The Curtain

Takouhi Minassian January 19, 2019
Magic
Add to FAVs

Sign in to add a tale to your list of favorites

Hide

Already a member? Sign in. Or Create a free Fairytalez account in less than a minute.

  • A A A
  • Download PDF

    An opera house in the Altai Mountains sat quietly under the heavy snow.

    Fleur was on the first row when the red velvet curtain opened. Gentle snow drifted in front of the girl’s eyes, and the music accelerated the little charmer’s pulse. Her heart was bouncing, she breathed fitfully, her eyes dark-grey coals that melted the snowflakes on the stage.

    The fairy ballerina danced in front of a huge white tree and a sleigh led by a little pony. The ballerina embraced her present, a doll given to her for Christmas, reached the tree, and fell asleep. Thus, began the story of The Nutcracker, it was the dream of the little ballerina.

    Fleur followed the dance of the kingdom of mice and the dance of the dolls. The music was changing the smile on her face—sometimes with sadness, sometimes with joy—until the red curtain appeared again.

    Fleur was startled by the wild applause and joy of the audience.

    The young girl grabbed her sheepskin coat and went home. The child was wading in deep snow in the mountains of Altai, and in her ears was the music of her favorite ballet.

    A week passed since her excitement in the opera house, her heart throbbed, and her tender voice was humming the doll’s dance music.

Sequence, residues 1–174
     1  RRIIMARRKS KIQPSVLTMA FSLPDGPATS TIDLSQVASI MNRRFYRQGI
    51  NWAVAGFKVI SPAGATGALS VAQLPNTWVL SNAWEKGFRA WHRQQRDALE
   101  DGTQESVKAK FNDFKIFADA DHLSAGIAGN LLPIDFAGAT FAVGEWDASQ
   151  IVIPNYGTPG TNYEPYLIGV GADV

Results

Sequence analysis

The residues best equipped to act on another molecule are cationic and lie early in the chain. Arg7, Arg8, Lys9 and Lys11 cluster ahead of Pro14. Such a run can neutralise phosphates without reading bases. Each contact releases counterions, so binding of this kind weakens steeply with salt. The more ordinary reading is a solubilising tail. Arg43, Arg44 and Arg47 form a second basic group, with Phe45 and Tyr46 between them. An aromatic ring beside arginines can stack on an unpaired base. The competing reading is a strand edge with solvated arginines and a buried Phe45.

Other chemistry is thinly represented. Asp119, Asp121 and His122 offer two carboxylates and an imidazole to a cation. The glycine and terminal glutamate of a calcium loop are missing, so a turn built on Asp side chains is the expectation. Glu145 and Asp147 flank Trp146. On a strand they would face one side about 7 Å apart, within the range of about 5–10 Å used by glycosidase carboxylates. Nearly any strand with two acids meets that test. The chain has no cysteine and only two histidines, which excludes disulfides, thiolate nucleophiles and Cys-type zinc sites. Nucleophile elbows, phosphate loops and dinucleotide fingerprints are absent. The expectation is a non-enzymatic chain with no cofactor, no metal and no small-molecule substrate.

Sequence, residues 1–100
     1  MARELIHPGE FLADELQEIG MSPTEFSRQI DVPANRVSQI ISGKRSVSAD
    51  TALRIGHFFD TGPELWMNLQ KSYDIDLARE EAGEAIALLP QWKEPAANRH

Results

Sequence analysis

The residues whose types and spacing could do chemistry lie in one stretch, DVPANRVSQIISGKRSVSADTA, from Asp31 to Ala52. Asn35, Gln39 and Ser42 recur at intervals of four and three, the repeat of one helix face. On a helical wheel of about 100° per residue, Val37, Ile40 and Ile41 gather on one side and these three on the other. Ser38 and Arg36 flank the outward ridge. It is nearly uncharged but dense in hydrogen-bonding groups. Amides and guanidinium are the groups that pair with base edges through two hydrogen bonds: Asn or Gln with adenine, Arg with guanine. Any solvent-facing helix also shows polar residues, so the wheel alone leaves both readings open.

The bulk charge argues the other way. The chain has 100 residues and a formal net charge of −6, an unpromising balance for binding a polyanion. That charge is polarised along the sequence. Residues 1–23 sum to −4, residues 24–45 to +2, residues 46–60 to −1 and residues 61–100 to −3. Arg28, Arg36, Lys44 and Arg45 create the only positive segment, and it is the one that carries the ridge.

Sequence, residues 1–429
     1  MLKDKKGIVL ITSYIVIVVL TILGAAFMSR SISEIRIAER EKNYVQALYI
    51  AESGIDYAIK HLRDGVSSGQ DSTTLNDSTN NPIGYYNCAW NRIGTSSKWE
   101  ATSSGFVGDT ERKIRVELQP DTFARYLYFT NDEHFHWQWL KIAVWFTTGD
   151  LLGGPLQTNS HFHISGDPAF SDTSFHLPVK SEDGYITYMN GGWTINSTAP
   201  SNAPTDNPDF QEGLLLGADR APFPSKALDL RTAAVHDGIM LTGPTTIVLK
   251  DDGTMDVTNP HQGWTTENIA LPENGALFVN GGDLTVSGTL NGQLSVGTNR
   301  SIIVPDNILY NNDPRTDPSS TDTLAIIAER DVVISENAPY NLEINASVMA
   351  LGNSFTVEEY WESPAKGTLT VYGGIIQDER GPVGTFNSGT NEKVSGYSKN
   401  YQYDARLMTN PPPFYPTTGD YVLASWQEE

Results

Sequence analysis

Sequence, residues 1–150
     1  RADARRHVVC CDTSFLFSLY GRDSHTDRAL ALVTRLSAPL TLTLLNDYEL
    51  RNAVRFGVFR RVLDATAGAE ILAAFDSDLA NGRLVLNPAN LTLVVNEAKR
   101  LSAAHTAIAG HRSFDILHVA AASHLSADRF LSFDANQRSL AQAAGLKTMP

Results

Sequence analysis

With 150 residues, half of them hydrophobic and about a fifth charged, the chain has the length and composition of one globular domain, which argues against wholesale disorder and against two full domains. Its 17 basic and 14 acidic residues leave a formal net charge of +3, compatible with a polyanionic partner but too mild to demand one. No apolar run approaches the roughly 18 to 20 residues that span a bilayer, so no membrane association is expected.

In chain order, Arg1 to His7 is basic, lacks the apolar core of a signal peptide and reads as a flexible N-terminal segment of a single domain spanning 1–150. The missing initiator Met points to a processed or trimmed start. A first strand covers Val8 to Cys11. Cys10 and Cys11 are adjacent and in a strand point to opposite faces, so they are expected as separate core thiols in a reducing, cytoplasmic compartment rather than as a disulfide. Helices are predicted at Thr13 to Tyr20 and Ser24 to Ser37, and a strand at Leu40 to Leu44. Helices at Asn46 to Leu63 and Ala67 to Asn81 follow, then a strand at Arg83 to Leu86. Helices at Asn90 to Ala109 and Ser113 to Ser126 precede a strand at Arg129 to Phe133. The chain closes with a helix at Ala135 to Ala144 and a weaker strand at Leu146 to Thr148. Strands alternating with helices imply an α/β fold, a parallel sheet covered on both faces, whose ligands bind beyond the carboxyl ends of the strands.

So, the little wanderer went to the house of her friends. She knocked hard and loud on the door with her almost-frozen hand, her eyelashes whitened by the snow, when the slender Rosemarie opened the door cheerfully:
    “Come in, come in to warm up.”

    One could hear the crackling of the logs in the fireplace. The teapot whistled.
    “Ah, here’s the tea. Altai tea, and you can try some of my grandmother’s sweet honey,” she said and happily offered Fleur a cup..

    Fleur drank the tea and chattered quickly and excitedly about the beautiful ballet, The Nutcracker. Rosemarie watched her, followed her story closely, and even began to spin in a circle and raised high on her toes.

    That’s when the naughty Philip rushed into the room. The boy looked at his sister Rosemarie, grabbed her shoulders, and tried to turn her body around. The room became noisy.

    Rosemarie rotated on her toes and sat down. Fleur was smiling at the scene, admiring Rosemarie’s olive, nut-brown face radiating warmth and freshness under the projection of the fireplace’s flame.

    “Girls, I discovered yesterday in the mountains a very strange house, shall we all go there?” Philip prompted the girls.
    “What house? Come on, tell us,” Rosemarie said and rose, standing in front of her brother.

    “Are you talking about the wooden mountain cottage with ‘landed’ lanterns on it, like birds and various animals circling around?” asked Fleur.